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Particulate Carbon

Atmospheric Life Cycle

  • George T. Wolff
  • Richard L. Klimisch

Table of contents

  1. Front Matter
    Pages i-x
  2. The Importance of Particulate Elemental Carbon

    1. Front Matter
      Pages 1-1
    2. R. J. Charlson, J. A. Ogren
      Pages 3-18
    3. T. Novakov
      Pages 19-41
    4. R. W. Bergstrom, T. P. Ackerman, L. W. Richards
      Pages 43-51
  3. Analytical Measurement Techniques and Chemistry of Elemental Carbon

    1. Front Matter
      Pages 77-77
    2. J. J. Huntzicker, R. L. Johnson, J. J. Shah, R. A. Cary
      Pages 79-88
    3. R. K. Stevens, W. A. McClenny, T. G. Dzubay, M. A. Mason, W. J. Courtney
      Pages 111-129
    4. S. G. Chang, R. Brodzinsky, L. A. Gundel, T. Novakov
      Pages 159-181
  4. Sources of Carbon

    1. Front Matter
      Pages 183-183
    2. L. A. Currie
      Pages 245-260
    3. H. Rosen, A. D. A. Hansen, R. L. Dod, L. A. Gundel, T. Novakov
      Pages 273-294
  5. Ambient Measurements

    1. Front Matter
      Pages 295-295
    2. G. T. Wolff, P. J. Groblicki, S. H. Cadle, R. J. Countess
      Pages 297-315
    3. P. K. Mueller, K. K. Fung, S. L. Heisler, D. Grosjean, G. M. Hidy
      Pages 343-370
  6. Back Matter
    Pages 393-411

About this book

Introduction

This book contains the papers and discussions from the symposium, "PARTICU­ LATE CARBON: Atmospheric Life Cycle," held at the General Motors Research Laboratories on October 13-14, 1980. This symposium, which focused on atmospheric particulate elemental carbon, or soot, was the twenty-fifth in this series sponsored by the General Motors Research Laboratories. The present symposium volume contains discussions of the following aspects of particulate elemental carbon (EC): the atmos­ pheric life cycle of EC including sources, sinks, and transport processes, the role of EC in atmospheric chemistry and optics, the possible role of EC in altering climate, and measurement techniques as well as ambient concentrations in urban, rural, and remote areas. Previous symposia have covered a wide range of scientific and engineering subjects. Topics are selected because they are new or represent rapidly changing fields and are of significant technical importance. It is ironic that the study of particulate elemental carbon or soot should meet the above criteria for selection because soot, especially from coal and wood combustion, has been a recognized air pollutant for centuries. However, since the 1950s, when intense efforts to study air pollution were initiated, to until a few years ago, the role of elemental carbon in the atmosphere was largely ignored. The major reason for this was the lack of a suitable measurement technique.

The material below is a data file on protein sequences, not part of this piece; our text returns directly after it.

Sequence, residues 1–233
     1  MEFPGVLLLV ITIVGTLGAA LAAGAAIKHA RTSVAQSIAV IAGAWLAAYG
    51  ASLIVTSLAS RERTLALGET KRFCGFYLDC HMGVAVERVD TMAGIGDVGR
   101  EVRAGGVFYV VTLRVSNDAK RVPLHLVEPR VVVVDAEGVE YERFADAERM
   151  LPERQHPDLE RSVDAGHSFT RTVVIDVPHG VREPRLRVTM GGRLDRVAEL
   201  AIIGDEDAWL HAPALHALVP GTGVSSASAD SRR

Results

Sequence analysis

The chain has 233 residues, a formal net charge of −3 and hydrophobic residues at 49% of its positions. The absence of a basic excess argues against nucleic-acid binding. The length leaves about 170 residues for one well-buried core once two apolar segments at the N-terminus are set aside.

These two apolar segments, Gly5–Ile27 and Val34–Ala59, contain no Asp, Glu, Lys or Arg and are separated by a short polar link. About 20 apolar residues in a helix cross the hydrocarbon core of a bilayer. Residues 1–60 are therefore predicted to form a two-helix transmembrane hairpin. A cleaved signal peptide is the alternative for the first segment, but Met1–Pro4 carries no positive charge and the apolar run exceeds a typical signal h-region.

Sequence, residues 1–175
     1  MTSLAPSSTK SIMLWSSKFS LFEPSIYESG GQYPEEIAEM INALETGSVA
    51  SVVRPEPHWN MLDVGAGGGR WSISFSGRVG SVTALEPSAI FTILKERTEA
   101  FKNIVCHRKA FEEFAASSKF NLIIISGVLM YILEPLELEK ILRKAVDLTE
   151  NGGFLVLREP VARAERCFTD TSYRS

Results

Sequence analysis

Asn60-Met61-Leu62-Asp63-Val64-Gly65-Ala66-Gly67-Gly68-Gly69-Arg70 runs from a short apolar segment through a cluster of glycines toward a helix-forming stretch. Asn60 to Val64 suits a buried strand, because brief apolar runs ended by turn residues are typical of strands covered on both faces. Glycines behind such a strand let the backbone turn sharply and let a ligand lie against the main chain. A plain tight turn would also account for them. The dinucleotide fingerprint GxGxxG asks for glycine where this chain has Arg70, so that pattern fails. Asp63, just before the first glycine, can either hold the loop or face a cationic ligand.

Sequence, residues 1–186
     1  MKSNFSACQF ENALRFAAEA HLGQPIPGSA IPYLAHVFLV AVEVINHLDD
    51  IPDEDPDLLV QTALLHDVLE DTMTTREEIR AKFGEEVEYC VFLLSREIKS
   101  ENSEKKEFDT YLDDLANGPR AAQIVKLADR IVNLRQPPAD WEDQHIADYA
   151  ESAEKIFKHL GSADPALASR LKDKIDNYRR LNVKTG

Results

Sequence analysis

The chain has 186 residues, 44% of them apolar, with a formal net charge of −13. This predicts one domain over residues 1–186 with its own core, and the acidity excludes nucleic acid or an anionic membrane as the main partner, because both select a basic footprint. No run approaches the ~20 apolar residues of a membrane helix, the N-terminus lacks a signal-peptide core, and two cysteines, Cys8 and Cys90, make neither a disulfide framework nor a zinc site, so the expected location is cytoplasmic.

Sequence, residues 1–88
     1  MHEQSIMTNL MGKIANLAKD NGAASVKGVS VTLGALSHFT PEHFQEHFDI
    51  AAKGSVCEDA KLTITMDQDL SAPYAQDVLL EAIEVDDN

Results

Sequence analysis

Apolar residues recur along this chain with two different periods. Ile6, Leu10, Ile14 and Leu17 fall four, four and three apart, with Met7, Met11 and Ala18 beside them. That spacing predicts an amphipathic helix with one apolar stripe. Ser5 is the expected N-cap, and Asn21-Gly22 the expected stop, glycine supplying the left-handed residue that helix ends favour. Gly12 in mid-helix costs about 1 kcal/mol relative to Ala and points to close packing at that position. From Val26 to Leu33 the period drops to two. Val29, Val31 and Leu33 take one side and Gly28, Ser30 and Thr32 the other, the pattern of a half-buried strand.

Keywords

air pollution atmosphere chemistry climate pollution transport

Editors and affiliations

  • George T. Wolff
    • 1
  • Richard L. Klimisch
    • 1
  1. 1.General Motors Research LaboratoriesUSA

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